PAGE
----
Final Fantasy VI’s soundtrack goes hand in hand with its art direction to immerse players. In-universe songs even get softer or louder depending on how close you are to the musicians. The score itself is one of Nobuo Uematsu’s best, featuring a wide range of musical variety that grants FFVI a deeper layer of emotion. “Terra’s Theme” is a somber march that captures the feeling of going on a journey of discovery. “The Mines of Narshe” has a surreal, off-putting beat that lends the impression you’re somewhere you don’t belong. “Kefka” is a disarming track that obscures how dangerous Kefka is on a first playthrough and highlights his sheer mania once you know his character. “Esper World” is a haunting song that leans into the Espers’ inherent danger and mystery. “Celes’ Theme” starts off as an original melody before sampling “Aria de Mezzo Carattere,” which she sang in the Opera. How FFVI uses music is nothing short of genius.
Despite the traditional Final Fantasy vibe, the World of Balance is still much darker than previous games and regularly tackles mature subject matter. Doma is mass poisoned and several NPCs die on-screen, including Cyan’s wife and young son. Celes is shown being physically beaten in by Empire guards in the SNES and PSX versions. The Empire’s genocide of the Espers and Terra being kidnapped while her mother watches are actually shown in detail. The story’s tone never gets too grim (in the World of Balance, at least), but the narrative’s tendency to go dark ensure that the stakes always feel real.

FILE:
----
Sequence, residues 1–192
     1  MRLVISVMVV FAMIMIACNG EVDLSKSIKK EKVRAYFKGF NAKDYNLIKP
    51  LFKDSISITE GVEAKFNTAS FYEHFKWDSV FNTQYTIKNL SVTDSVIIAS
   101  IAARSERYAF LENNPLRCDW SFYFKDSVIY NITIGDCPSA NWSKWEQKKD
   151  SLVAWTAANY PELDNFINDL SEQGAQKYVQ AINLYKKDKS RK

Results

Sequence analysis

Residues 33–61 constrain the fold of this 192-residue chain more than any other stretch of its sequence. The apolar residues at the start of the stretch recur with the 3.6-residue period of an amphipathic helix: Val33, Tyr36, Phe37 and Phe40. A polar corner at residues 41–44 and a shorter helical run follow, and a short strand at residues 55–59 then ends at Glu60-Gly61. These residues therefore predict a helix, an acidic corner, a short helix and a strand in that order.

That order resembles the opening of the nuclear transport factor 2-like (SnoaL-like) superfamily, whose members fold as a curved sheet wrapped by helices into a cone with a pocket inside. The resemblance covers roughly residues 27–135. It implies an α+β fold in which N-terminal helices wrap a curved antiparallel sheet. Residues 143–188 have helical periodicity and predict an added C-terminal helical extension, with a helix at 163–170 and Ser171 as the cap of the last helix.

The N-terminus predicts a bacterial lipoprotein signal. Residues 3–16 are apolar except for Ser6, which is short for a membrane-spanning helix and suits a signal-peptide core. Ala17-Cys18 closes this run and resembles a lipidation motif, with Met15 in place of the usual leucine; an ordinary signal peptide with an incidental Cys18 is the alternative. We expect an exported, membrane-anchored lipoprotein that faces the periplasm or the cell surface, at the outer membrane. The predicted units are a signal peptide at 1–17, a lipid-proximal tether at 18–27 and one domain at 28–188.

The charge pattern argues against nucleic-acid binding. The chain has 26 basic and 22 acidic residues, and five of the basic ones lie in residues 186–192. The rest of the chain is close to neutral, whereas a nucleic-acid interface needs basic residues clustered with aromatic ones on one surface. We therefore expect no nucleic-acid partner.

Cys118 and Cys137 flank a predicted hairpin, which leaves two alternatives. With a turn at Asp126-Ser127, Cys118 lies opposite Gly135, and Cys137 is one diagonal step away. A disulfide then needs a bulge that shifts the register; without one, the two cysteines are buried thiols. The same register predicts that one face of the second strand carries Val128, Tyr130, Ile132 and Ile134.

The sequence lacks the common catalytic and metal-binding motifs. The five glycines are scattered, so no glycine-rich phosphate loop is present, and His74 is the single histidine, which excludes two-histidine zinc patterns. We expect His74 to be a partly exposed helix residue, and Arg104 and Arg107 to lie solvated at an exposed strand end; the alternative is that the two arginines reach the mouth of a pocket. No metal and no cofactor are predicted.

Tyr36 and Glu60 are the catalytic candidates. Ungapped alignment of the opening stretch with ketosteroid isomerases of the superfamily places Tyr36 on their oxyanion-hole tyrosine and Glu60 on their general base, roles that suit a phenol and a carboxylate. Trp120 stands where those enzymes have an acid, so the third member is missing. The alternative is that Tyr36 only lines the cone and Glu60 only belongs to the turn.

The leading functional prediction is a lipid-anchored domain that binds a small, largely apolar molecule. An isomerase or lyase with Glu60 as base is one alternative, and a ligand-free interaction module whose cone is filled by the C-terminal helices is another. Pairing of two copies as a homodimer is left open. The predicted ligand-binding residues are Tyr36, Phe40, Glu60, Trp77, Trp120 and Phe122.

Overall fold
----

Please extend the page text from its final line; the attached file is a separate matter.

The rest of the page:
Although Final Fantasy VI has no single protagonist, Terra and Locke are the clear “leads” as far as progressing the plot goes. Locke has the most screen time while the story’s main arc heavily centers on Terra’s relationship with the Espers and Empire. Celes also starts getting a fair bit of focus after her introduction, setting her up to take over the focus once the shift to the World of Ruin happens. The rest of the main cast have their characterization rounded out by optional, secret scenes that shed some extra context into their past. Edgar and Sabin reminisce about their father and the coin toss that changed their lives if you spend the night at Figaro Castle with both brothers in your party. Setzer opens up about his former partner Darrill if you think to visit him when Locke & Terra are stranded in Vector. Shadow will occasionally flash back to his past if he sleeps at an Inn, offering extra insight into his character through dreams.